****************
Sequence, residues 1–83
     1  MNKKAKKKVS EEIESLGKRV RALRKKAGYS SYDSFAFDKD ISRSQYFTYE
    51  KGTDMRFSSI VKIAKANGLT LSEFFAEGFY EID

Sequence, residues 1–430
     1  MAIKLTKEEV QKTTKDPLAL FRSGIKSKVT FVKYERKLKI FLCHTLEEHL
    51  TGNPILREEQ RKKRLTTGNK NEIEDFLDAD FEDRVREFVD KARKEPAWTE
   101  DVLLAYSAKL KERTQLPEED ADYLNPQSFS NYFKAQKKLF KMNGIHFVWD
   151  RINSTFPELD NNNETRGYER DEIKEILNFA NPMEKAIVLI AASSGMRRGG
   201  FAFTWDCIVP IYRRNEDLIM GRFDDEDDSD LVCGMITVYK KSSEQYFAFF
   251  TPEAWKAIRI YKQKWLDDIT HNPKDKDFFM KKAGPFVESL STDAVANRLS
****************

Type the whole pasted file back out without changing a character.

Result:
Sequence, residues 1–83
     1  MNKKAKKKVS EEIESLGKRV RALRKKAGYS SYDSFAFDKD ISRSQYFTYE
    51  KGTDMRFSSI VKIAKANGLT LSEFFAEGFY EID

Sequence, residues 1–430
     1  MAIKLTKEEV QKTTKDPLAL FRSGIKSKVT FVKYERKLKI FLCHTLEEHL
    51  TGNPILREEQ RKKRLTTGNK NEIEDFLDAD FEDRVREFVD KARKEPAWTE
   101  DVLLAYSAKL KERTQLPEED ADYLNPQSFS NYFKAQKKLF KMNGIHFVWD
   151  RINSTFPELD NNNETRGYER DEIKEILNFA NPMEKAIVLI AASSGMRRGG
   201  FAFTWDCIVP IYRRNEDLIM GRFDDEDDSD LVCGMITVYK KSSEQYFAFF
   251  TPEAWKAIRI YKQKWLDDIT HNPKDKDFFM KKAGPFVESL STDAVANRLS